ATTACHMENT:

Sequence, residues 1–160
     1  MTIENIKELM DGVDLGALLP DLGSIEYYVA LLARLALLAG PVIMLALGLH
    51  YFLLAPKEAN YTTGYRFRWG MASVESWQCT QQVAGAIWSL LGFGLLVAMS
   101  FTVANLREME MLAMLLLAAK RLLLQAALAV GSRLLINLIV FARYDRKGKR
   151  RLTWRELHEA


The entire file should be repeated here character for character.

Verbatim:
Sequence, residues 1–160
     1  MTIENIKELM DGVDLGALLP DLGSIEYYVA LLARLALLAG PVIMLALGLH
    51  YFLLAPKEAN YTTGYRFRWG MASVESWQCT QQVAGAIWSL LGFGLLVAMS
   101  FTVANLREME MLAMLLLAAK RLLLQAALAV GSRLLINLIV FARYDRKGKR
   151  RLTWRELHEA